Moreover, liberal theology can lead to real and valuable insight into the Biblical text.  Sometimes those of us coming from a more conservative position can fail to really grapple with the text as it confronts us.  Sometimes we think we already know what the Bible is about, and that prevents us from asking the important questions.  Other times we look carefully to the text, but do not understand our contemporary world, so that we fail to arrive at an authentic interpretation and application of Scripture for today.  Liberal theology, which often comes from a place less bound by traditional interpretation, less tied to systematic theology, and more grounded in contemporary thought, can often be helpful.

But there is a problem.  Take an example from Brueggemann as illustrative.  In a generally helpful chapter which describes Sabbath as resistance to anxiety, we come across this summary of the activity of Pharaoh:

"...Pharaoh, even though he was absolute in authority and he occupied the pinnacle of power, was an endlessly anxious presence..."

"..Pharaoh, who controlled the Nile, nevertheless had nightmares of anxiety, as he dreamed of famine and as he imagined that the creation would not provide sufficient food (Gen. 41:15-32)."

"...that nightmare of scarcity, which contradicted the wealth and power of read Pharaoh, led to rapacious state policies of monopoly that caused the crown to usurp the money, cattle, the land, and finally the bodies of vulnerable peasasnts..."

See what's happened there?  If you're at all familiar with the book of Genesis, you will remember that Pharaoh is sent dreams from God warning him of famine to come.  The divine origin of these warnings is stressed in the narrative - read through Genesis 41:25-36, and count the mentions of God.  "God has revealed...  God has shown...  the thing is fixed by God and God will shortly bring it about".  Of course, all this is said by Joseph, but the text gives every reason to see this as also the narrator's point of view.  Pharaoh's anxiety in this instance is caused by God, and moreover is well justified!

What about the rapacious state policies?  The reader will recall that it was Joseph, not Pharaoh, who reduced the people of Egypt to serfdom.  But in the text, the stress is not on this but on the fact that the people were saved alive.  The alternative to serfdom was starvation.  Now, if any character in Genesis is portrayed by the narrator as a hero, it is Joseph.  To read this episode as Brueggemann does is to go completely against the grain of the Scriptural text.

And fundamentally, that is how to do liberal theology.  Use the Scriptural narrative and instruction as material, engage with it very seriously and creatively, but do not feel constrained to follow where Scripture points.  Do not feel obliged to let Scripture set the agenda.  In short, make the Bible your servant and not your master.  Then you're well on your way.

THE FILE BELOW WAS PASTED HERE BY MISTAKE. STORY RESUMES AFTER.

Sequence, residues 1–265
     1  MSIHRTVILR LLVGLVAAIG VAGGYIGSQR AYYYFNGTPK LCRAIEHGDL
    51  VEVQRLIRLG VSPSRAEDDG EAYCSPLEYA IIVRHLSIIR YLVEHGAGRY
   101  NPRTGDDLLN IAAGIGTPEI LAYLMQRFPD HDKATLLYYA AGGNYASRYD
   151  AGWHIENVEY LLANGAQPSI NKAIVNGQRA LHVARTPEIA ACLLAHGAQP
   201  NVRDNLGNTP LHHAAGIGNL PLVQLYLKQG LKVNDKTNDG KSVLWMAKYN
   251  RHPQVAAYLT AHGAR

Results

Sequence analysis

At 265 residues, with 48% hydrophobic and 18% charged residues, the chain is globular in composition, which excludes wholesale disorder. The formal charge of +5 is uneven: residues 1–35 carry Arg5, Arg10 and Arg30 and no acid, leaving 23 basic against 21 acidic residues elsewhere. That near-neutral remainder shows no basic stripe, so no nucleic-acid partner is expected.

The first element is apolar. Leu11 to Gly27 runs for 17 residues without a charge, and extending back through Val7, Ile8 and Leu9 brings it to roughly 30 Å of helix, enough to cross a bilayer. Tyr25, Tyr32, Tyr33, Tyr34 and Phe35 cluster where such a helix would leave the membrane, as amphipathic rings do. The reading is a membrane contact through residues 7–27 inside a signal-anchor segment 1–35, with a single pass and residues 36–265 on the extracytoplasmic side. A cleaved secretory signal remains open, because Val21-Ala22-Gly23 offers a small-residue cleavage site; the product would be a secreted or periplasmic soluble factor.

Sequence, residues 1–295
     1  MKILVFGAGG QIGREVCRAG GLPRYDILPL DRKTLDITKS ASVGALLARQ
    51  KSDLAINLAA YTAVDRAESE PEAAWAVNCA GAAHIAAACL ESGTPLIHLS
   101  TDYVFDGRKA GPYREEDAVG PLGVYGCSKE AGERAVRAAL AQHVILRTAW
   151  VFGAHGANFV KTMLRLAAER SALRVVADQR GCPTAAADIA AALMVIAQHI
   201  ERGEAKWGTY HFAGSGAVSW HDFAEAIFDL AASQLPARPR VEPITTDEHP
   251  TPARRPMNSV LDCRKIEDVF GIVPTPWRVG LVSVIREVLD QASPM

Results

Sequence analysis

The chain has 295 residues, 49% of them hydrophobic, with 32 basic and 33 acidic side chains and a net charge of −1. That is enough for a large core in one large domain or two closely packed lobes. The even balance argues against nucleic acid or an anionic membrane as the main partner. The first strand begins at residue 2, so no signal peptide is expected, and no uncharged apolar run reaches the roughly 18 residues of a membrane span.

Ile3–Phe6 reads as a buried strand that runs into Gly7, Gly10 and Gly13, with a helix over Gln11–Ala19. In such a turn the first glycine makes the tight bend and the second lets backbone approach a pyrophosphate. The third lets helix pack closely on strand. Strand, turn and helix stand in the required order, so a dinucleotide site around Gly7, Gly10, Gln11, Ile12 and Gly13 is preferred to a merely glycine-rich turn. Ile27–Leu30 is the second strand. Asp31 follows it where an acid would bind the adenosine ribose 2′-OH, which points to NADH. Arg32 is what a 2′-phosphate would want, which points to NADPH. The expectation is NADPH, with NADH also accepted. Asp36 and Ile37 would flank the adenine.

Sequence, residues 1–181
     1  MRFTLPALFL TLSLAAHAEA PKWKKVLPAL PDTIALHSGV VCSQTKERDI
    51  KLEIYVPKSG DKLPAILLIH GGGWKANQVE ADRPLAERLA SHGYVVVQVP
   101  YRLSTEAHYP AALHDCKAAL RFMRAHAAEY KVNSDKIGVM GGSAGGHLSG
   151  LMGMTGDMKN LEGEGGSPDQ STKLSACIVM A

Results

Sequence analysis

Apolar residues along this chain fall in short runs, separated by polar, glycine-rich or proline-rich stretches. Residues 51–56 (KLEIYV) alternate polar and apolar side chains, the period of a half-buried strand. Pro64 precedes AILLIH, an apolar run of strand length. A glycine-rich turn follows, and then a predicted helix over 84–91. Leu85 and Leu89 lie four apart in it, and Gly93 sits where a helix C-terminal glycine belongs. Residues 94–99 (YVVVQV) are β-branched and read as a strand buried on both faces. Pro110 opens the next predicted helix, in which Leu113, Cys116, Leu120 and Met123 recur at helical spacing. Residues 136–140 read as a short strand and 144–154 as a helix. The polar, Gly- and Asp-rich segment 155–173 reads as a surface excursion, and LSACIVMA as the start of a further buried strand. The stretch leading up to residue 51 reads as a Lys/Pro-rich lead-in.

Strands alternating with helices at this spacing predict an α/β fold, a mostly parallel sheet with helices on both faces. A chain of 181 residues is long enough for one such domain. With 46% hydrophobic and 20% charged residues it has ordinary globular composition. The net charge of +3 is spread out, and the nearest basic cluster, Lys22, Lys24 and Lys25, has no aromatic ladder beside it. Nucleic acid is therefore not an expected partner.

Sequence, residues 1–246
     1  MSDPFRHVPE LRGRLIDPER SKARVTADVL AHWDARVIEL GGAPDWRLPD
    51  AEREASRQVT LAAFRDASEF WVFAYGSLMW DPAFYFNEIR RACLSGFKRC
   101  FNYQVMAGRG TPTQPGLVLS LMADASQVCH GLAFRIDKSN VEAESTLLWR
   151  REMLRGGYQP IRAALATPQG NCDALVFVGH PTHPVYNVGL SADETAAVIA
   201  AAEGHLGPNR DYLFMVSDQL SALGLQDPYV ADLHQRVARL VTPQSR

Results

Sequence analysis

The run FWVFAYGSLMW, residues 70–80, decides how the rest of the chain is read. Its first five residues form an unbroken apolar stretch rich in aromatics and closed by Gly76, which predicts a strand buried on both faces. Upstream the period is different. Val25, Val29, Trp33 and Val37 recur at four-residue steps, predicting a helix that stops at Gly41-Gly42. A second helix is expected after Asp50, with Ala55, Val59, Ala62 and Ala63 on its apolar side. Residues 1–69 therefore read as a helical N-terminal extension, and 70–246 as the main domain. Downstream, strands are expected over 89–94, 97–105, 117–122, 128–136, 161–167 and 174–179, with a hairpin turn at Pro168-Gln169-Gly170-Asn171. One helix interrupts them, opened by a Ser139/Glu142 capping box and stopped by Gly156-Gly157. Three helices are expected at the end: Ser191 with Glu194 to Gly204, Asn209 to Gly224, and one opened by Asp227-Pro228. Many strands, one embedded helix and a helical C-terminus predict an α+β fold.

Sunday, March 08, 2015

Lent 3

Leviticus 16 - the Day of Atonement.  Two goats, one for the LORD, and one for Azazel.  One to be killed as a sin offering, the other to be taken away into the wilderness and released.

Mark 1:9-13 - Jesus is baptized and then tempted.  In the river, he goes symbolically down into death, and the Spirit drives him out into the wilderness.

I take it that the dead goat points to the need for the sinner to die.  In his baptism, Jesus signals that he himself will fulfil this sign.  He identifies with sinners, and will die for sinners.  Unlike the goat, his encounter with death will end with his triumph in the resurrection, symbolised his emergence from the water of baptism.

The live goat seems to symbolise primarily the removal of the sin of Israel.  Their sin is taken away into the wilderness - to Azazel,  A demon?  So tradition has interpreted the passage.  Certainly the wilderness was considered the haunt of demons in some sense.  Jesus is driven into the wilderness, as the goat was driven away from Israel.  Unlike the goat, he takes on and defeats the devil in his own domain.  He not only bears away the sin of his people, but he responds to temptation to win with perfect righteousness.

Monday, March 02, 2015

Lent 2

But the self-humiliation of God in his Son is genuine and actual, and therefore there is no reservation in respect of his solidarity with us.  He did become... the brother of man, threatened with man, harassed and assaulted with him, and with him in the stream which hurries downwards to the abyss, hastening with him to death, to the cessation of being and nothingness.  With him he cries - knowing far better than any other how much reason there is to cry: "My God, my God, why hast thou forsaken me?" (Mk. 15:34).  Deus pro nobis means simply that God has not abandoned the world and man in the unlimited need of his situation, but that he willed to bear this need as his own, that he took it upon himself, and that he cries with man in this need.

CD IV/1, p. 215

Sunday, February 22, 2015

Lent 1